GS: Speaking of licenses and new IP, you proved a lot of people wrong with Blitz: The League, showing that a non-NFL-licensed football game can be a hit. But you've also got NBA Ballers, another big hit, which I think relies heavily on the license. What's you stance on sports licenses, do you think it's a case-by-case basis?
DZ: Yeah, case-by-case basis, definitely. Midway debated this years ago. They've always wanted to make Blitz. They've always wanted to make a game that wasn't shackled by the restrictions of the NFL. So for us, it was a natural choice. This is a game we've always wanted to make. I think you saw some of that passion in the game.
With baseball, who knows. We've got a license with SlugFest, but who knows... It's something we'll be looking at in the future.
GS: I've got a title for you if you want it. SlugFest: Corked.
DZ: [laughs] Maybe we'll use that.
GS: What about Unreal Tournament 2007, is that coming to any other platforms?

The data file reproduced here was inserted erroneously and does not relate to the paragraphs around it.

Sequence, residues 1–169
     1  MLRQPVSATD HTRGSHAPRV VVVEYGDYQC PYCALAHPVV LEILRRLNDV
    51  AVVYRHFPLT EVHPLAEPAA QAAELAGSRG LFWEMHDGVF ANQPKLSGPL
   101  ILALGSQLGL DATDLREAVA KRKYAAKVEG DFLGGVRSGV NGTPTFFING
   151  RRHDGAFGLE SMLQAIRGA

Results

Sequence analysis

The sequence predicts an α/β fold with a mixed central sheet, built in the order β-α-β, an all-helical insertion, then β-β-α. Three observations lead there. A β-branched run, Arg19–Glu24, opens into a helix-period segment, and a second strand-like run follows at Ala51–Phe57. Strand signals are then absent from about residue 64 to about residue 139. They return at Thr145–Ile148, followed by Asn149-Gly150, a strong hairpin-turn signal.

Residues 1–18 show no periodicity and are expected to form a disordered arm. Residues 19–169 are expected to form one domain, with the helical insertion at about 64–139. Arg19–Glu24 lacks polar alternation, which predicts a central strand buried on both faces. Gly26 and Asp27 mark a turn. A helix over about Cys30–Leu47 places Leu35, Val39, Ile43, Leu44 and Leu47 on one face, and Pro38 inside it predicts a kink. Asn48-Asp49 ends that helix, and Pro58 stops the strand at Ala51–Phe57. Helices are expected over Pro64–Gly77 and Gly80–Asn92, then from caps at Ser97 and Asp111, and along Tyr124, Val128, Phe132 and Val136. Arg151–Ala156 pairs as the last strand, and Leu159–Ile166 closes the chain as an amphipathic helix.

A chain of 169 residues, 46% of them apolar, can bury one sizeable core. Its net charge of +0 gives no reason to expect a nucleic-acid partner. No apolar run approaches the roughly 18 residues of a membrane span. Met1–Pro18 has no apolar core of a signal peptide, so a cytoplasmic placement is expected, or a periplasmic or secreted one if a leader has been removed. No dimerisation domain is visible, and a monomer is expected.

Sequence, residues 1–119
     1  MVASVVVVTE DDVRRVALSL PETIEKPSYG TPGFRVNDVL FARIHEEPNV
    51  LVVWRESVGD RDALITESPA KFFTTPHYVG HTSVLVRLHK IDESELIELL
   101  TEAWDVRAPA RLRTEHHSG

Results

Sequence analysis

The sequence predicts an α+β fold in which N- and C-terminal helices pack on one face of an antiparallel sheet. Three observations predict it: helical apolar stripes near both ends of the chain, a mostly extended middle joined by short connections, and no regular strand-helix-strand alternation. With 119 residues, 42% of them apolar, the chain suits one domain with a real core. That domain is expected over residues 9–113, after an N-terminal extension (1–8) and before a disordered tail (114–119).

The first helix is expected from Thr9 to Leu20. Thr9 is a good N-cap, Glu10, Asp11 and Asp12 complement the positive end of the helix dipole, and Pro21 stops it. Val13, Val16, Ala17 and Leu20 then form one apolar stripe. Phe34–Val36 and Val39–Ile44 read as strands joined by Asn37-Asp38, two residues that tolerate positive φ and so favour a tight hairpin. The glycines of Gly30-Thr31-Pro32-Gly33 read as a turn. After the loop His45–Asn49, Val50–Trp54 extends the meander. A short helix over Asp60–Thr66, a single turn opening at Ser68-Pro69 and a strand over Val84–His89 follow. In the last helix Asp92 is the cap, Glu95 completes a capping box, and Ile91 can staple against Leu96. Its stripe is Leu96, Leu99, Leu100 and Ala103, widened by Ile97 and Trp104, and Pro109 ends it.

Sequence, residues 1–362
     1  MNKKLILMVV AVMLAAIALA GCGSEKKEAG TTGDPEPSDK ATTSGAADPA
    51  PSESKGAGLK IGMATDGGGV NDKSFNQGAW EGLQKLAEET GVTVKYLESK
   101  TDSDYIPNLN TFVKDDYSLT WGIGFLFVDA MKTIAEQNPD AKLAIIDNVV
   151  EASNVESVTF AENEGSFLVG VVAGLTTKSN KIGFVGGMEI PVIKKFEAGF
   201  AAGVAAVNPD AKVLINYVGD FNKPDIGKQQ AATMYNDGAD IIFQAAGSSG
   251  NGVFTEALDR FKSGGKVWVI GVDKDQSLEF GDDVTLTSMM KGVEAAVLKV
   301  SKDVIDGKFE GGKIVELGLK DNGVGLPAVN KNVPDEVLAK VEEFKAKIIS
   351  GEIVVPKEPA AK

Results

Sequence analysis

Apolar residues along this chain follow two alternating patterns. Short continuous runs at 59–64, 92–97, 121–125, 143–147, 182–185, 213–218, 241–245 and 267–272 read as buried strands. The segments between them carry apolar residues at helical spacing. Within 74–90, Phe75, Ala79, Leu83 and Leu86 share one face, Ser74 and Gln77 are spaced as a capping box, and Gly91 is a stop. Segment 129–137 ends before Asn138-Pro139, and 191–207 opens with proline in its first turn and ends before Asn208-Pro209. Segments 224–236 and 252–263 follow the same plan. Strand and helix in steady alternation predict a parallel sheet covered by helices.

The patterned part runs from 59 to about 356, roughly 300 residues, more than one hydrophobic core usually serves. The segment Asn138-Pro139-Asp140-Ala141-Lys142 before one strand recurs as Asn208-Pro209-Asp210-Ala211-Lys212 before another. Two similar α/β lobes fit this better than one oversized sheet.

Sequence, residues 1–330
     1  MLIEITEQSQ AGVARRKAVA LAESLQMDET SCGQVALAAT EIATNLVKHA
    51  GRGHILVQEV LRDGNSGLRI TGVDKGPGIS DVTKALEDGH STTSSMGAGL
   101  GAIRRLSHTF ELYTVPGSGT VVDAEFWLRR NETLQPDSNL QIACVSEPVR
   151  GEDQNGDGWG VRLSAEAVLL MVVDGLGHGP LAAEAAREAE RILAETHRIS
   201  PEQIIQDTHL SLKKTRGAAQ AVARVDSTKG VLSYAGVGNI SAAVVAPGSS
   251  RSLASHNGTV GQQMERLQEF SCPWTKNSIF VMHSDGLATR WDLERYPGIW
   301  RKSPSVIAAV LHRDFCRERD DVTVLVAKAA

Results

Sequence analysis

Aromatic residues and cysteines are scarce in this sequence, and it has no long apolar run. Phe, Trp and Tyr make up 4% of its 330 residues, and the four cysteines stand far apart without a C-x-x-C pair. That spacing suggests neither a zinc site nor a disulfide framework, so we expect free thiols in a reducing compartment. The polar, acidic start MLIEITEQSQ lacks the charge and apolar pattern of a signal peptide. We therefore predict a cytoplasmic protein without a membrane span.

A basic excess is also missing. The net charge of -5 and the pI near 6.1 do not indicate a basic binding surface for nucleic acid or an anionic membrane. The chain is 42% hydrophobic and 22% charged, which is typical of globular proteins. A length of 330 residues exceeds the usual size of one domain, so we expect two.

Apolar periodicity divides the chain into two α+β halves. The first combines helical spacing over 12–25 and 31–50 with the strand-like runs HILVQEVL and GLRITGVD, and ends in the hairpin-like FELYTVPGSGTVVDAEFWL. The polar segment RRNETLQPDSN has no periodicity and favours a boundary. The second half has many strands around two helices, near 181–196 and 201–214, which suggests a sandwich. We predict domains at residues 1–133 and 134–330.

GS: No word?
DZ: To be determined.
GS: This one is just for me. Why didn't you include Xenophobe or Super Sprint in your Xbox Live Arcade titles? I love those games.
DZ: We may. We're working our way there. We have four [Xbox Live Arcade games] now, and five coming.
GS : How is Xbox Live Arcade doing for Midway? Is that really exciting for you to do?
DZ: We've been generally surprised by the response rate...the paid downloads are more than we expected. It's not going to change our economic success overnight, but it's a nice little business on the side, and we're glad that people are happy with the product. I think Xbox Live Arcade has been a surprise for a lot of people.
GS : Given the chance, would you explore similar opportunities with the PS3 or Revolution if those capabilities are implemented?
GS: Are you guys planning full support for the DS?
DZ: [pauses] We will have our first DS game this year. It hasn't been announced yet.
GS: What about the PS3?
DZ: Of course.
GS: And the Nintendo Revolution?
DZ: We will have our first Revolution title this year as well.
GS: Thank you very much, David.